Bats can be beneficial because of their appetite for insects but they have been the subject of vampire tales causing most people to have a general fear of them. The fear of bats has possibly prevented dangerous interaction with bats because rabies occur in 4% to 6% of some bat populations. Several bat species have adapted to human-made structures and occupy them as shelters. Bats can enter through openings as small as 3/8 inch. Common entry points include gable vents, utility penetrations, loose flashing, uncapped chimney flues, and fascia board gaps. While unlikely, some bats might carry diseases that pose a danger to humans, like rabies. Bats, even those with rabies, will most likely avoid biting a human, but the danger is still there. Of course, bats are also a nuisance and can be scary for any homeowner.
The best thing one can do is prevent the problem by using a experienced bat service specialist. The Bug-Off wildlife technician will conduct a full inspection of your home to single-out problem areas, such as cracks or openings. It is important to keep the attic and basement lit at night to deter these creatures. Keep in mind that not dealing with this infestation could lead to a bigger infestation. Not to mention that bat urine can also corrode structures within a home given enough time.
Batproofing: Batproofing a structure is the most logical and biologically acceptable way to control bats. The objective is to rid the building of the colony permanently and exclusion is the only method that can guarantee this goal. This includes sealing all openings 3/8 inch or larger to prevent re-entry.
Batproofing Time of Year: The best time to exclude a building for bats is either in late fall after the bats have left for hibernation, or early spring before the bats return. Exclusion performed May-September requires an empty attic to prevent trapping the bats inside.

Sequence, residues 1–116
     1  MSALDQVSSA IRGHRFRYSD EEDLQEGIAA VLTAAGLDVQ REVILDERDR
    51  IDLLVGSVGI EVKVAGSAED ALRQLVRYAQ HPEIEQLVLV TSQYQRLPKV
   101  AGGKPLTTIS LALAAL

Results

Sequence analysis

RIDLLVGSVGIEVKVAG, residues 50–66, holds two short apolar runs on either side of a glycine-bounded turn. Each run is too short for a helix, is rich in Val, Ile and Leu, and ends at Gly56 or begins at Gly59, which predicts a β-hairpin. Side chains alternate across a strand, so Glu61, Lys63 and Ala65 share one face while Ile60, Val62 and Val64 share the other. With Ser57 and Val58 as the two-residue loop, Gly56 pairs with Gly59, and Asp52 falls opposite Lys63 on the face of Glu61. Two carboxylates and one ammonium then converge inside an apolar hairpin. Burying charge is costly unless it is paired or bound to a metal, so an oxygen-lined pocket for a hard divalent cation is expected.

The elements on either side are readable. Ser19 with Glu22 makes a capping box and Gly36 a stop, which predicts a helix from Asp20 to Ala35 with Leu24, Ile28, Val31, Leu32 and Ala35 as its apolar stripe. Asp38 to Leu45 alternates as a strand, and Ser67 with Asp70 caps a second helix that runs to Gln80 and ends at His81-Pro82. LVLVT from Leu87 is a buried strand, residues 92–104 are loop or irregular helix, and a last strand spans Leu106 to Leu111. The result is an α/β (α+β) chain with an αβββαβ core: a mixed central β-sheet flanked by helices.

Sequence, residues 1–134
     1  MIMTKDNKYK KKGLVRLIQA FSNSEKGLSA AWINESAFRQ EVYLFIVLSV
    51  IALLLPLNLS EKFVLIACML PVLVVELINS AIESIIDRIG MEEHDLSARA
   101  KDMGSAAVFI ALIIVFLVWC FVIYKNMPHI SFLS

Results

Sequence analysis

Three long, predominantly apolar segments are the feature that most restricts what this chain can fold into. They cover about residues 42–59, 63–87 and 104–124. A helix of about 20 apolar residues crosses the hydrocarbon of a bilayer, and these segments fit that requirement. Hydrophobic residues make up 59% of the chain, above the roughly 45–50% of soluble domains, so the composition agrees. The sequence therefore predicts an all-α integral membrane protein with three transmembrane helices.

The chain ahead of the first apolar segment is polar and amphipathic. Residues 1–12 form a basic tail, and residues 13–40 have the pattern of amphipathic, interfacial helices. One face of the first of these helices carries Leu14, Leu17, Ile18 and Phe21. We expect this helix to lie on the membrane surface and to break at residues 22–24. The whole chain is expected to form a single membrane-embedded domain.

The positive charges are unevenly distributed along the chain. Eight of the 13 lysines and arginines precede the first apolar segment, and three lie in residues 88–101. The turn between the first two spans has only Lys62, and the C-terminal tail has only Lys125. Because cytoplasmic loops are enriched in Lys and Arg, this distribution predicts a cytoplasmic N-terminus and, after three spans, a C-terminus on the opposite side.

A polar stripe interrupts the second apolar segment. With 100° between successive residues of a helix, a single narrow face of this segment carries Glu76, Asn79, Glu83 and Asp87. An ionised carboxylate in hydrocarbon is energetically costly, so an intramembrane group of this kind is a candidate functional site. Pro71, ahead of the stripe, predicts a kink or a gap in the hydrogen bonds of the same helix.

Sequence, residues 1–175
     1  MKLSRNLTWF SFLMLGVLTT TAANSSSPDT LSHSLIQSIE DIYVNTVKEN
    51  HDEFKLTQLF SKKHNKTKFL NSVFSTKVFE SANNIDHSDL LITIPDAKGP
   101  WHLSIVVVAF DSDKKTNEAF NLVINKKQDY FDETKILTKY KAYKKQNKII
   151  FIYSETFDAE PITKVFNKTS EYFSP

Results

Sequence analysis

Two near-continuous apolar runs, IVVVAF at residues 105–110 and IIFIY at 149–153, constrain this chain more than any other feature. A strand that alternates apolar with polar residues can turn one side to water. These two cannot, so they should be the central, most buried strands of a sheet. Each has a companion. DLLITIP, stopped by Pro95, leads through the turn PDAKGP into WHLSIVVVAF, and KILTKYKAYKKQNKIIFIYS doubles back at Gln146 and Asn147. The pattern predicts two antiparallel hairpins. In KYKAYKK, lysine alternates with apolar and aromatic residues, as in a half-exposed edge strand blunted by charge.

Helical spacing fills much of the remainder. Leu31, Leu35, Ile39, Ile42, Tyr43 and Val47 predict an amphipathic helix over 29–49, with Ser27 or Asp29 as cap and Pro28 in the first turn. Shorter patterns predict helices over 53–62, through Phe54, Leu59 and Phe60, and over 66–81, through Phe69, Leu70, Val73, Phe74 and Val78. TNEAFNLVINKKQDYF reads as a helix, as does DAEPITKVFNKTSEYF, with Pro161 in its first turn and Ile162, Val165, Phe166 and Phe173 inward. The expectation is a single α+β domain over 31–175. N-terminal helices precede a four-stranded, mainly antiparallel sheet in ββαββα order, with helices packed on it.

Bat Droppings: The accumulation of bat droppings in attics can create an environment suitable for the growth of Histoplasmosis capsulatum, a fungal organism that can produce the respiratory illness histoplasmosis.
The Bug-Off wildlife professional understands how delicate the situation is. Bats are beneficial; so the goal is not to destroy but rather control, prevent, and remove. Good professionals are registered and have years of experience to back up their work.
A thorough inspection, identification, and evaluation of the infestation will take place when a technician is sent to an infested home. The next thing that will occur is a plan to execute a bat exclusion effort. This will guide the bats out of the home without giving them an opportunity to fly back in. The process of sealing a home begins once the professional can verify that every bat is out. This will include vent sealing, crack sealing, hole patching, roof patching or repair, and sealing off any other entry points. The professional will also deal with any guano left behind. Guano is bat droppings.
Bats are interesting creatures and exhibit many habits that give them away. For one, most of them can be easily observed leaving a home at dusk. They usually fly near lights or water such as pools or ponds to look for insects at night. A homeowner might also find droppings in his or her home. The droppings will be segmented and full of insect parts. Bat urine is smelly as one would imagine and can affect the entire household.
These creatures will also emit sounds, or even scratches while they are in a home and go about their daily routines. The fur of a bat has some oils that could be rubbed on walls, furniture, and other areas. These oils will darken or stain, so be aware should you notice any of these spots.
It is clear to see why dealing with a bat infestation in the correct manner is important. Do not attempt to trap these creatures on your own, even if you see only one. Bats rarely travel alone, so seeing one usually means others are nearby. Keep this in mind, and do not hesitate to give us a call because we are ready to deal with the problem and prevent it from happening again.